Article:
Saturday Oct 20th - 13 C
Friday Oct 26th - 5 C
Mountsberg Conservation Area
One thing that has drawn me to wildlife photography in particular is the challenge involved in documenting an unpredictable subject and turning it into something unique, a small piece of art. Wildlife photography doesn't sell really well, and bird shots even less, but I'm doing this as a passion project. In the spectrum of challenging birds to photograph, I generally find three bird species more challenging than all others - warblers, kinglets and finally shorebirds. During migration time frame it is easiest to shoot these species as they travel en mass through Southern Ontario, with spring generally being slightly easier than fall given the foliage that conceals the migrants during the September and October time period. But as the leaves start to change and colours appear the challenge in the October time period is worth the effort.
In Southern Ontario there are several great stop over locations by the lake - Tommy Thompson, High Park, Colonel Samuel Smith, but as my wife and I moved away from the downtown to accommodate our expanding family I found myself in a new environment - Oak Ridges Moraine forest, which offered new challenges to find warblers, Kinglets, and other species. It was only via ebird that I discovered that Mountsberg hosted a significant shorebird migration!
This post covers two separate trips to the area - the first to the forest and wildlife walkway south of the raptor centre which was filled with woodland migrants. Every few steps and there were more and more of these little kinglets dancing in the trees - Golden Crowned in the branches above - Ruby Crowned in the weeds below. In addition to these birds - a significant number of sparrows could be heard calling among the tall grasses and shrubs towards the duck blind built to observe an Osprey nesting site built above the lake's waters. As you walk along the walkway opposite the horse pen and bison ranch you flank a small forest of trees which is where these legions of migrants can be found.
The real challenge however is found on the opposite side of the train tracks that cut through the southern end of the conservation area. For many visits and raptors in focus sessions I was not at all aware that this side of the park existed. To my delight the opposite side of the park reveals a variety of habitat - marsh lands, dense old growth forest, and shoreline, particularly in the fall. This is where after cutting through tall weeds by following a deer path to the lake I found the other surprise - shorebirds!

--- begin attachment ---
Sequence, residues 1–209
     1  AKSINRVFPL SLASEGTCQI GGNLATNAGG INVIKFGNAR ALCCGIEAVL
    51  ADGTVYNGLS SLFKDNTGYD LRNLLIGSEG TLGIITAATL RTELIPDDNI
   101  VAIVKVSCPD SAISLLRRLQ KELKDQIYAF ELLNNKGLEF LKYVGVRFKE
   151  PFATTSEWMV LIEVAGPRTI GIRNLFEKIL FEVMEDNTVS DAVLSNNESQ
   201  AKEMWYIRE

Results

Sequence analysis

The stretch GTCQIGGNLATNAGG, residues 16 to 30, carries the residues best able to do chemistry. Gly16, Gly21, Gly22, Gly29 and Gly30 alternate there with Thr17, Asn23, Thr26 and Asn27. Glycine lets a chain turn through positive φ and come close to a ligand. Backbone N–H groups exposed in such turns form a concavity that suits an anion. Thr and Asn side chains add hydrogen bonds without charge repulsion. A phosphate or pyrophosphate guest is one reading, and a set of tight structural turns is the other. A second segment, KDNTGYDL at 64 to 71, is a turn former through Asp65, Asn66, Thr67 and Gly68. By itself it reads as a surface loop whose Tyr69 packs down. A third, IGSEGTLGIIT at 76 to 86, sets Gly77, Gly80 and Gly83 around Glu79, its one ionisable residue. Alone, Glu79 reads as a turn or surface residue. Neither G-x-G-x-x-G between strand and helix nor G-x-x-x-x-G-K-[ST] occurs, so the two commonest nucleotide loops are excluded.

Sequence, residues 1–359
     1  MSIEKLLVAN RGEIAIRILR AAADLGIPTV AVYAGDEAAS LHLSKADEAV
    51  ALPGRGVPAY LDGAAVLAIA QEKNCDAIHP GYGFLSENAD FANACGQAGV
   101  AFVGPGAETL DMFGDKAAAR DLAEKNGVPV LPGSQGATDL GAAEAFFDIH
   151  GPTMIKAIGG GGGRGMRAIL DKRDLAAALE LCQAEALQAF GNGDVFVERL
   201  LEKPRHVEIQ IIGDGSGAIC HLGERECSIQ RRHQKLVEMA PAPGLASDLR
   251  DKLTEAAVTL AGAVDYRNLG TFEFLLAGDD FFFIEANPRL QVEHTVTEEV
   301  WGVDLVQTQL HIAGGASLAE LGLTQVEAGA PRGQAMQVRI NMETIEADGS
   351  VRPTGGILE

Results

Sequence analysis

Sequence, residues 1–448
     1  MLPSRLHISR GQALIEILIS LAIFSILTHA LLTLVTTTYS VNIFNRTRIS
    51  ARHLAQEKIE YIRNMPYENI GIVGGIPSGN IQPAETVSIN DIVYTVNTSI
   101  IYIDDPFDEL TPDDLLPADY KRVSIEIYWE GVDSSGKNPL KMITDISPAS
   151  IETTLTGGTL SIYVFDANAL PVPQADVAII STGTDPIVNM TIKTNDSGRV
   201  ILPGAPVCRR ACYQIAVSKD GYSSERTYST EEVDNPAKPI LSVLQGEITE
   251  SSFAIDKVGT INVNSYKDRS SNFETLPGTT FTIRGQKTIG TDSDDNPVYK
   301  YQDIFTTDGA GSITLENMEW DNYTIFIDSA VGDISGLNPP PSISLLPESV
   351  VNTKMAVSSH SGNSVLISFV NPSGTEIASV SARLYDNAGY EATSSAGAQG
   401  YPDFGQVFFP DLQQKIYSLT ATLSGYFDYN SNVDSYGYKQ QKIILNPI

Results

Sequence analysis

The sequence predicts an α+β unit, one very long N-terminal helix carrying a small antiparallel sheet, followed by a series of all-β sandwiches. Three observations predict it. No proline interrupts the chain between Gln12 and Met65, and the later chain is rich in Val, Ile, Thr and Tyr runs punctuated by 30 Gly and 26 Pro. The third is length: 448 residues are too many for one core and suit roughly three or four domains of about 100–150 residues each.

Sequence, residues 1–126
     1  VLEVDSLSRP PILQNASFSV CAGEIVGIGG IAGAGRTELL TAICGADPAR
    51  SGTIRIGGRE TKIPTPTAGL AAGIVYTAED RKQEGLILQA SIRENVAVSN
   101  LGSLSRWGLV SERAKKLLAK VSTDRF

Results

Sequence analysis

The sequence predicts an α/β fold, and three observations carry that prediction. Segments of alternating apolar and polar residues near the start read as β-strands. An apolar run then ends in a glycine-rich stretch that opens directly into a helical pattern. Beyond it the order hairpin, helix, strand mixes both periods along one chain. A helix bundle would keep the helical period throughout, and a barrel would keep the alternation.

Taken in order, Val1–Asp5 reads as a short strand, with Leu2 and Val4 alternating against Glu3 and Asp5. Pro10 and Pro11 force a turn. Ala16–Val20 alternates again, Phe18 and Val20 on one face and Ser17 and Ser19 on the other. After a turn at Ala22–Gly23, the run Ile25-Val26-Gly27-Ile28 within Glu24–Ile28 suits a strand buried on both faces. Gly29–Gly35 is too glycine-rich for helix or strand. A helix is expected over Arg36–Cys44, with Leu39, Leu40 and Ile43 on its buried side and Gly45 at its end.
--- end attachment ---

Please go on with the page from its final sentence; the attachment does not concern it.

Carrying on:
Along the shoreline and the lake in general were hundreds of waterfowl, and a number of species of shorebirds - patient pectoral sandpipers, lesser yellow legs, scores of skittish dun (~90 or so) and finally the bane of my adventure - greater yellow legs. Anytime the Dunlin approached me sitting patiently along the shoreline a greater yellow leg would land close by and send out their warning call. Spoiling any opportunity for a decent shot of the approaching horde of little shore sweepers.
Although several shots were spoiled, it was the Pectoral Sandpipers that made my day. These birds were fairly patient with me and as long as I didn’t approach too close and let them come to me, they were more than happy with being photographed. I also switched the Sony A7rII to silent mode to keep them comfortable and as a result I came away with a number of five star photographs!
Side profile of a Pectoral Sandpiper